'Baby Agnes' as Senior Sweetheart?

September 28, 1994|By Consella A. Lee | Consella A. Lee,Sun Staff Writer

In the 1930s, 8-year-old Agnes Schwabline sang and danced in talent shows at the Hippodrome Theater on North Eutaw Street in Baltimore. After an appearance with screen star Clark Gable on the Maryland Theatre Program, one newspaper dubbed her "Baby Agnes."

Next month, the 69-year-old woman who now is Agnes Tudor, will take to the stage again in search of another title: Ms. Senior Sweetheart of America.

She will be Maryland's representative in the first such national pageant at the Performing Arts Center in Providence, R.I., competing against about 40 other women from across the country.

She even has a note from Gov. William Donald Schaefer, who predicted she would "represent our state with charm and grace."

But she nearly was forced to pull out of the pageant.

Three weeks ago, she fractured her left little toe while stumbling around in the dark in her bedroom at her home in Glen Burnie.

Although the toe has healed some since then, she still wonders whether she can bear wearing high heels with a long, black sequin gown at the pageant.

As the show business adage insists, however, the show must go on.

"If I have to use crutches, I'm going," Mrs. Tudor said firmly, sitting on her living room sofa examining the bandaged toe. "I'd have to be on my deathbed. I'm very excited."

It's been a long time since she's done anything remotely similar to this. She performed in shows at the PTA and Masons and Elks lodges as she and her husband, Eugene, raised two sons.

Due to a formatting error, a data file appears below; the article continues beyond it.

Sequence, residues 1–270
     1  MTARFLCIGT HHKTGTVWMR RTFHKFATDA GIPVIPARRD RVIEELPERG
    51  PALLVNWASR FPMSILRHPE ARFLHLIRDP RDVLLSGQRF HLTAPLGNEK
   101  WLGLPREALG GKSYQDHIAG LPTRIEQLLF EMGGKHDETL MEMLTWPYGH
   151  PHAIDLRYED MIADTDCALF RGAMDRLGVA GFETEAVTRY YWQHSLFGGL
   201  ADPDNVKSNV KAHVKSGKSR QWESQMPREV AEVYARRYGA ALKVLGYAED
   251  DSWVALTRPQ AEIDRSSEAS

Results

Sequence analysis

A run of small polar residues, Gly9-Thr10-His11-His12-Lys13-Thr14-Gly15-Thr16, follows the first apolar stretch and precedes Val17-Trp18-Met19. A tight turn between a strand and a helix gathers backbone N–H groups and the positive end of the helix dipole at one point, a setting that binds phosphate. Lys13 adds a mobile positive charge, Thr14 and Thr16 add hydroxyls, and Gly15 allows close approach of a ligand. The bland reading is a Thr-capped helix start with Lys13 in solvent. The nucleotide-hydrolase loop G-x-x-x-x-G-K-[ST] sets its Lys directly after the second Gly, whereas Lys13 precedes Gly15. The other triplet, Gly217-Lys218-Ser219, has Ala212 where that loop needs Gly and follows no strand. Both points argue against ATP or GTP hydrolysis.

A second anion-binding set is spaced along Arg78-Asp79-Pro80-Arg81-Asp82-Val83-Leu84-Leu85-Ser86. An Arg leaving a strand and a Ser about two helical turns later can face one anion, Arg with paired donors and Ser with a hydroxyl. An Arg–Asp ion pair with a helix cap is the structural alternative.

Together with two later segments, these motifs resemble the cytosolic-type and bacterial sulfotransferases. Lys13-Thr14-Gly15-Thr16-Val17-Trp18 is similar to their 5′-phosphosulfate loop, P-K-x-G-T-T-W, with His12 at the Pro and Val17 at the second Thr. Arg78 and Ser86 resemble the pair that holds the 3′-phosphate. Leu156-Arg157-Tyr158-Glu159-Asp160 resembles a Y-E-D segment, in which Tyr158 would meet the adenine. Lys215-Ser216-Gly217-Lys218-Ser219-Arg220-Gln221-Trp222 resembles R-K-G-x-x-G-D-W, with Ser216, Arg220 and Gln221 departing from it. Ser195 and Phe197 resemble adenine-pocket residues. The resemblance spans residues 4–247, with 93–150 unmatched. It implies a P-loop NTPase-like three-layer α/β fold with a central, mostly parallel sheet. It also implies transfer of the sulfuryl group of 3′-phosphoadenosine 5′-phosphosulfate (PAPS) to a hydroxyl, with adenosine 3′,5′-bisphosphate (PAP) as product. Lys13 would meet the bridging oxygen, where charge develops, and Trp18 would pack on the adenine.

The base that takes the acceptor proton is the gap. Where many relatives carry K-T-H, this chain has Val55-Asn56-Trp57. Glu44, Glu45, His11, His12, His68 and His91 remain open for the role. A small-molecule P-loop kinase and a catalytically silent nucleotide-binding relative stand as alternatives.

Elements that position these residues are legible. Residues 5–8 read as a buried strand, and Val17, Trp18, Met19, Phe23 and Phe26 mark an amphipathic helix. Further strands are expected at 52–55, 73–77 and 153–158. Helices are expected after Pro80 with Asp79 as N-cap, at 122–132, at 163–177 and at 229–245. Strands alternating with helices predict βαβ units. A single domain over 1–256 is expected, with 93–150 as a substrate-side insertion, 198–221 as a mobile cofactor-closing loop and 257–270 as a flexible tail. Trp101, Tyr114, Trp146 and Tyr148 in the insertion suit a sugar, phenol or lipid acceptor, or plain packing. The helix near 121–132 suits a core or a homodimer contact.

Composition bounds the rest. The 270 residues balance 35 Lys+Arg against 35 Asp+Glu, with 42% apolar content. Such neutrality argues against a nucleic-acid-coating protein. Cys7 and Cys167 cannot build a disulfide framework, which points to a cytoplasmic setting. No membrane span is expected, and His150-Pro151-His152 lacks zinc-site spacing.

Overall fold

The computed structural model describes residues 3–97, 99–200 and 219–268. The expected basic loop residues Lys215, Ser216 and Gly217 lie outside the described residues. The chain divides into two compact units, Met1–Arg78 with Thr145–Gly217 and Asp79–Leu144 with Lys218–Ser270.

But those shows were nothing like this. This is the stage.

She didn't have to audition for the pageant, as she did for the children's shows in the 1930s.

But she did have to answer questions about her age, weight, height and life's accomplishments, after two friends who had seen regional winners from last year on television submitted her name to contest organizers.

Friends and relatives contributed money to help her with the $450 entry fee.

The pageant, for women over 59, includes a swimsuit competition where the contestants are to dance wearing old-fashioned swimsuits.

Mrs. Tudor said she will wear rompers beneath her full-body swimsuit and long stockings.

She also has a navy blue blazer, white blouse, white pants and white sneakers to wear for a patriotic number that includes all the women, and a full-length gown and a shorter-length black sequin dress to sing in.

"I don't go for anything real bare," said Mrs. Tudor, who grew up in South Baltimore. "I didn't want something too gaudy."

She has strung together a medley that includes show tunes "Second Hand Rose," "Mame" and "Cabaret"; Patsy Cline's country hit, "Crazy," and closes with Lee Greenwood's "God Bless the U.S.A."

She has only three minutes to pull this off, so her friends, George and Inez Silate, have been helping her practice, using the timer on her microwave oven.

"We are rooting for her," said Mrs. Silate.

Mrs. Tudor's sons, Glenn Tudor, of Severna Park, and Larry Tudor, of Glen Rock, Pa., and their families bought ads in the pageant's program guide wishing her luck.

Glenn Tudor, his wife and two daughters plan to be in Providence to see her perform.

"I'm really not shocked she'd like to try it," said Mr. Tudor. "She's always entertaining in some way. We're proud of her."

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